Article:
Christian Hip-Hop (CHH) artists are increasingly vocal about social and racial justice. Over the past year, Lecrae has engaged in conversations surrounding Black Lives Matter and Derek Minor appears more occupied with Black ownership than with music. This concern held by artists for social and racial justice has sparked various responses to these artists. Some argue that these commitments to justice and racial equality by Lecrae and Minor are at best presently popular or political and at worst anti-Christian.

Regardless of where you stand on the debate, I invite you to walk with me down the corridors of CHH spanning the past decade to see how Lecrae and Minor have spoken on behalf of the oppressed and marginalized in the lyrics of their music.

Many see Lecrae’s early music as a sort of genesis to today’s Christian Hip-Hop movement, even though prominent figures predate his influence. His first mixtape titled Church Clothes Volume 1 was a momentous development within the genre of CHH. Lecrae’s underlying message in Church Clothes can be summarized in a single phrase: “come as you are.” It is here that the holy and the human radically intersect, and Lecrae’s underlying focus communicates a communal experience with the sacred. He tells stories from his life, from the lives of others, and stories from larger communities.

In his mixtape, released nearly ten years ago, Lecrae explicitly raps about matters of social injustice. In his song “Black Rose,” Lecrae states:

Man, the school system, it fail us
And the government won’t bail us
Out of all this hell we in
Medicines they want to kill us

(“Black Rose,” in Church Clothes Volume 1, Lecrae, 2012)

By expressing the above, Lecrae breaks the mold of his previous albums. Instead of strictly focusing on Christian morality and encouraging listeners to avoid violence, substance abuse, or lifestyles contrary to Christian values, Lecrae lifts the social reality of a community to the attention of the listener.

In a way, Lecrae exits the four walls of the church and provides a rhythmic commentary on a social predicament. His lyrics explicitly address a community trapped in a social dilemma, and the title “Black Rose” implicitly identifies that community.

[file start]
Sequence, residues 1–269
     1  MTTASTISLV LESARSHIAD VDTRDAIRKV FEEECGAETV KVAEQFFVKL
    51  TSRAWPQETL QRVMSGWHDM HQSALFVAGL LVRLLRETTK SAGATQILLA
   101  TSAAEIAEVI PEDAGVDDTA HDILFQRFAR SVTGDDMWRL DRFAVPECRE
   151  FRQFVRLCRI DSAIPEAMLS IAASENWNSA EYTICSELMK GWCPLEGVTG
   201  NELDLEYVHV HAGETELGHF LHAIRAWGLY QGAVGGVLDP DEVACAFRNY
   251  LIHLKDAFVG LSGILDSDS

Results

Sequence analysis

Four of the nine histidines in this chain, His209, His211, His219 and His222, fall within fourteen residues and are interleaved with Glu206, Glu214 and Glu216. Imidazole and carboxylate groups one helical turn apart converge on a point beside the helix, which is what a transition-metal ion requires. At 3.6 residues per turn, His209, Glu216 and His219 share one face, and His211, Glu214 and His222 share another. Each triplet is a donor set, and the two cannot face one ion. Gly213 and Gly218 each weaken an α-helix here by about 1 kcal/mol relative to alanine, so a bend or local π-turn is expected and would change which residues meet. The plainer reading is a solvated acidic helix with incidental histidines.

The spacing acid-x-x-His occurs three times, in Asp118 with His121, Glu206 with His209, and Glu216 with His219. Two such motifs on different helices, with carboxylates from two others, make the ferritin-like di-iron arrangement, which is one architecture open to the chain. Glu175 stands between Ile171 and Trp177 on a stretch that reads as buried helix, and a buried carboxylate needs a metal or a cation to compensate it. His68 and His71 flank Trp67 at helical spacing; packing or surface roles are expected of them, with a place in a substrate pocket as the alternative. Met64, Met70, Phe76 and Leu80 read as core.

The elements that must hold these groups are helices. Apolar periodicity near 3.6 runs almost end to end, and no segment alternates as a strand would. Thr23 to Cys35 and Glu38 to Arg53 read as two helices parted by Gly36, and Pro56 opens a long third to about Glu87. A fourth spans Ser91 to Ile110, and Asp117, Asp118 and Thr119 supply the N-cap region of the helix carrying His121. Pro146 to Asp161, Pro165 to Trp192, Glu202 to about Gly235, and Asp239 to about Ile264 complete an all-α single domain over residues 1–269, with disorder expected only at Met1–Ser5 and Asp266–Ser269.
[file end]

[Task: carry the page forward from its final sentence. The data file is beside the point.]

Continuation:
In addition to Lecrae, Derek Minor has directly spoken about injustice. In Minor’s song “We Gone Make It,” released in 2013 and appearing on his album Minorville, he openly expresses the reality of racial prejudice and hints at police brutality,

I know the struggle, I feel you
Cops still in my rearview
And I ain’t broke no laws
But I guess my skins in clear view

(“We Gone Make It,” in Minorville, Derek Minor, Canton Jones, 2013)

Where Lecrae identified an underprivileged community at the mercy of an unjust government in “Black Rose,” Minor went a step further to identify skin as the sole factor for unjust discrimination.

Following the release of “Black Rose” in 2012 and “We Gone Make It” in 2013, Lecrae and Derek Minor continually confronted social and racial injustice in their music. In 2014, Lecrae released his album Anomaly. While his track “Give In” received radio attention on Christian airwaves, he unapologetically addressed topics of social justice, racism, and slavery in other songs on the album.

In his song “Welcome to America,” Lecrae speaks on behalf of people and communities that have never arrived at the nostalgic hope of the American dream, and in the first verse he addresses the ongoing effects of slavery that bar many from that dream,

I was born in the mainland
Great-Grandpa from a strange land
He was stripped away and given bricks to lay
I guess you could say he a slave hand

(“Welcome to America,” in Anomaly, Lecrae, 2014)

In the above, Lecrae speaks to the reality of slavery in America’s past, and his method of rapping in the singular first-person hints at his biological connection to that heritage. While slavery is mentioned in this song, it is not Lecrae’s central focus. He addresses a wide range of topics relevant to a number of communities and experiences. In so doing, he describes America from the perspective of the disenfranchised rather than the privileged.

Slavery is partly discussed by Lecrae in “Welcome to America,” but he gives the topic full attention in a song off the same album titled “Dirty Water”:

Worthless, worthless, 400 years we done heard that
My family came here on slave ships
Some herd cattle, some herd blacks
Know some of ya’ll done heard that
My kin was treated less than men
That’s why we raised to hate each other, cause we hate our skin

(“Dirty Water,” in Anomaly, Lecrae, 2014)

This heavy 808 driven track with a passionate delivery embodies a sort of rage and grief expressed by Lecrae over the Black bodies that suffered from the Middle Passage and forced chattel slavery. In addition to the energy and theme of the song, Lecrae draws direct connections from the past to the present: “my kin was treated less than men. That’s why we raised to hate each other, cause we hate our skin.”

The past, as Lecrae sees it, very much affects the present. To understand the Black community, according to Lecrae, one must-see historical events as contributing factors to current issues.